On Thursday, December 1st, 2011, France and Canada will take the track to kick off what could be considered one of the most important gatherings of flat track roller derby teams in the sport’s decade-long existence. The 2011 Roller Derby World Cup marks the first time that international teams will come together to play in a competitive flat track roller derby tournament. The importance of this event in the dissemination and global exposure of the sport cannot be overlooked.
Taking place in the Bunker in Toronto on two tracks over an ambitious four-day period, the tournament will kick off with a round robin “seedings” mini tournament featuring bouts with shorter, 20 minute halves between teams who were grouped by a random draw based on experience and international diversity. Concluding on Friday, all teams will then be placed in an elimination bracket based on how they fared in the round robin portion (due to the uneven number of teams—13—the top three seeds will receive a first round bye).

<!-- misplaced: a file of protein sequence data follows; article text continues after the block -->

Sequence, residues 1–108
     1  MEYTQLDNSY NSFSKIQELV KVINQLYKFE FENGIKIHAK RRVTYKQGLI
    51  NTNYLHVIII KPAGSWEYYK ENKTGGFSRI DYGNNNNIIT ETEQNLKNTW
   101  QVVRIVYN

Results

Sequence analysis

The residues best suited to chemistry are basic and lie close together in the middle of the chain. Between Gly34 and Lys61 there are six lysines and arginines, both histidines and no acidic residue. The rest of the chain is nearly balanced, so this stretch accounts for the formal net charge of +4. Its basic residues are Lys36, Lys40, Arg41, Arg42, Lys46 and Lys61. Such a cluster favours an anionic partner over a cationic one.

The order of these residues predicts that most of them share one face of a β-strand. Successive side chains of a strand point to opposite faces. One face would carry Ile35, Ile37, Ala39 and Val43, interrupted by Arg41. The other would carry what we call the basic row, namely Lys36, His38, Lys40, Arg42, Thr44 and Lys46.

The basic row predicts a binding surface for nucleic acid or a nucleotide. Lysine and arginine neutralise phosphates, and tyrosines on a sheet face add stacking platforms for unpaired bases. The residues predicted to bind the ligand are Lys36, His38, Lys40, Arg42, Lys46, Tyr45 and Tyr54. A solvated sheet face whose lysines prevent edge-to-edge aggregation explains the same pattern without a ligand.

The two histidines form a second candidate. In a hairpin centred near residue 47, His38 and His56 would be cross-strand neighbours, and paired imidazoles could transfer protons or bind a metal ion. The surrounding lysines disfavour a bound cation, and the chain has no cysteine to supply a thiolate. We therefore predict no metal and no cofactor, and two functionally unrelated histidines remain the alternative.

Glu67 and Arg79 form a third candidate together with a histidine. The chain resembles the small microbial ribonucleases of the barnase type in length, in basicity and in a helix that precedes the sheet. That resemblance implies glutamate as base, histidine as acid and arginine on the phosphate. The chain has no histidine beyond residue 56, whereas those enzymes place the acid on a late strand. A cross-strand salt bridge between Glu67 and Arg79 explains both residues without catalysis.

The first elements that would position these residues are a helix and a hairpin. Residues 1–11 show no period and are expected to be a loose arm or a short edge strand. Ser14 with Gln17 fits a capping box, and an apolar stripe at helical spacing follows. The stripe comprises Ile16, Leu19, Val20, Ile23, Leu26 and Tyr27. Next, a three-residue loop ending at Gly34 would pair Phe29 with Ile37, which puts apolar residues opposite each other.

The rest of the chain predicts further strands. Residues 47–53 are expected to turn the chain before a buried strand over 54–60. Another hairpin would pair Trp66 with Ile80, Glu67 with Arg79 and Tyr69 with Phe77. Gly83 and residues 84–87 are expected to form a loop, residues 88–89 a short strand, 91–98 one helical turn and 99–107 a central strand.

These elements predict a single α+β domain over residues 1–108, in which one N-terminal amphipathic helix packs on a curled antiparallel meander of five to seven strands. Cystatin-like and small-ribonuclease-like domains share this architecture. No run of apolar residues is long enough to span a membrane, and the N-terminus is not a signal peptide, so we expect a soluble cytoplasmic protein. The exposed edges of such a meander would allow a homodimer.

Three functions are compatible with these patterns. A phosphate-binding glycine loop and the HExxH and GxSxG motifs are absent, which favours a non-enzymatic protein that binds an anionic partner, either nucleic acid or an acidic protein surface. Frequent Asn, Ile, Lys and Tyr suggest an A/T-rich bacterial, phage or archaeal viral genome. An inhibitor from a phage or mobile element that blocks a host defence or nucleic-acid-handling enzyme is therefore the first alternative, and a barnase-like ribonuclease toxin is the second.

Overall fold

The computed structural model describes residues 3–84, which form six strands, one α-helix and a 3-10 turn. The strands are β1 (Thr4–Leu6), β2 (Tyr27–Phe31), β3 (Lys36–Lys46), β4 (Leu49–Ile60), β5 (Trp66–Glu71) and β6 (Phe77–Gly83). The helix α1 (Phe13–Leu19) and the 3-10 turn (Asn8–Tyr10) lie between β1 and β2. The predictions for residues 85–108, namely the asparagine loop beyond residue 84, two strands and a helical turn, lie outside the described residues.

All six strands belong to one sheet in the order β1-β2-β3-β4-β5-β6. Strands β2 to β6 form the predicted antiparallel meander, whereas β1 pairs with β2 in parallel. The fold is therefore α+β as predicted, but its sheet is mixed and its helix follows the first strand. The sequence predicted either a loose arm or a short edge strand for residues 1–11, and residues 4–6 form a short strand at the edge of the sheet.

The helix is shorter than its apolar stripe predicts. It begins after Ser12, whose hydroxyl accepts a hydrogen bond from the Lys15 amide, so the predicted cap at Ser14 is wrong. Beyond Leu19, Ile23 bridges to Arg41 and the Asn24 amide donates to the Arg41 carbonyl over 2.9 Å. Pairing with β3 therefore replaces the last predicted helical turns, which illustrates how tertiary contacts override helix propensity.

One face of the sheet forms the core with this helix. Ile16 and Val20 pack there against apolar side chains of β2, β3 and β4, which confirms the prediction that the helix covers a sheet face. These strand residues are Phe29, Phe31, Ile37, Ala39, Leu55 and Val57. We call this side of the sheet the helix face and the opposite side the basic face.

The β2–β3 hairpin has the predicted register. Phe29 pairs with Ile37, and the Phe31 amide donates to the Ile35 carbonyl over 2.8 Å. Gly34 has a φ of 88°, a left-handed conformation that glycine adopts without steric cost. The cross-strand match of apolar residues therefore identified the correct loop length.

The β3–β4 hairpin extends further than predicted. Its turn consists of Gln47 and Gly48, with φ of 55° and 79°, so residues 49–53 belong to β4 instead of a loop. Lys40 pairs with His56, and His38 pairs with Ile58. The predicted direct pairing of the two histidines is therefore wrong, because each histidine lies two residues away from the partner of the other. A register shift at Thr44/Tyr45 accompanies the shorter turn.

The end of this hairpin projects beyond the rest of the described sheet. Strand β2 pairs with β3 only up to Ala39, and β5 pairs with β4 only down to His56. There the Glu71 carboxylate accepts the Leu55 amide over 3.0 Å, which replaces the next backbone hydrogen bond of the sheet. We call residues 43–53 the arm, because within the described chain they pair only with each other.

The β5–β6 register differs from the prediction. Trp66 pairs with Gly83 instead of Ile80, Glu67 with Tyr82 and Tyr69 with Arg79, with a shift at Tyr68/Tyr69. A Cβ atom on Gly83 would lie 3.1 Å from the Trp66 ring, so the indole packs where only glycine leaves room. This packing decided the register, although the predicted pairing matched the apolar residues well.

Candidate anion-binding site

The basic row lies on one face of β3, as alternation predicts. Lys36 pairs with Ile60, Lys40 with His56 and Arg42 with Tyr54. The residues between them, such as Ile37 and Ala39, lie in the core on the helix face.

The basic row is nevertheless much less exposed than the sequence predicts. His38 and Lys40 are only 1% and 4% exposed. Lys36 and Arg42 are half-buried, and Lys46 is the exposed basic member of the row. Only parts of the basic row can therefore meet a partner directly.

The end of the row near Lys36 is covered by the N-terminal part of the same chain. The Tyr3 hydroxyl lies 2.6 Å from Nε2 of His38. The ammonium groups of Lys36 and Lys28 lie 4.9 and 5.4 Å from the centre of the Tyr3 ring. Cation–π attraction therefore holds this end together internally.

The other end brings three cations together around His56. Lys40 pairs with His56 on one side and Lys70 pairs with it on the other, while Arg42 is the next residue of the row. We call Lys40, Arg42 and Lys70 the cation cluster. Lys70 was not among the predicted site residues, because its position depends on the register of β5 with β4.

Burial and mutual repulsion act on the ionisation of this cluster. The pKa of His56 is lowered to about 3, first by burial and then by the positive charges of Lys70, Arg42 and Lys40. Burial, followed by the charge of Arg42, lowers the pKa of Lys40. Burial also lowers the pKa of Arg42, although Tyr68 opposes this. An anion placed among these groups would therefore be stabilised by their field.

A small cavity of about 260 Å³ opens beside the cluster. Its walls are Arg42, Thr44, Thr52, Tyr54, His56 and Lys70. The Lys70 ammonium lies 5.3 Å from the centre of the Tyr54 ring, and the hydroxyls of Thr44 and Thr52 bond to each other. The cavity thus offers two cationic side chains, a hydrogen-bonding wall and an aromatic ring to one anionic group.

With so little cross-international play at this stage in the development of the sport (in 2008 Team Canada travelled to the UK to play a series of bouts), expectations are wide open for the tournament. Based purely on age of programs, total leagues and games played, the “big four” are USA, Canada, England and Germany (these are also the top four countries in terms of rostered skaters from WFTDA teams). In terms of sheer number of leagues, Australia and New Zealand have actually now passed Germany. But beyond that, expectations are wide open. Although choosing from a much smaller pool, Scotland and Sweden both boast a huge number of WFTDA affiliated skaters (18 and 19 respectively), with the majority of those players being chosen from the countries’ two WFTDA affiliated leagues (Auld Reekie and Glasgow in Scotland, Stockholm and Crime City in Sweden with the Swedes also picking up Knickerblocker Glory from London). Along with England (who are made up of a core 11 from the London Rollergirls who are ranked 5th in the Eastern Region), the knowledgeable cores that make up Sweden, Scotland and England could prove to be a big advantage in a tournament where teams will have to come together quickly (France and Finland have chosen from similarly small pools, but the comparative lack of experience takes away some of this advantage).
The host country, Team Canada is built around a core of Montreal players (6)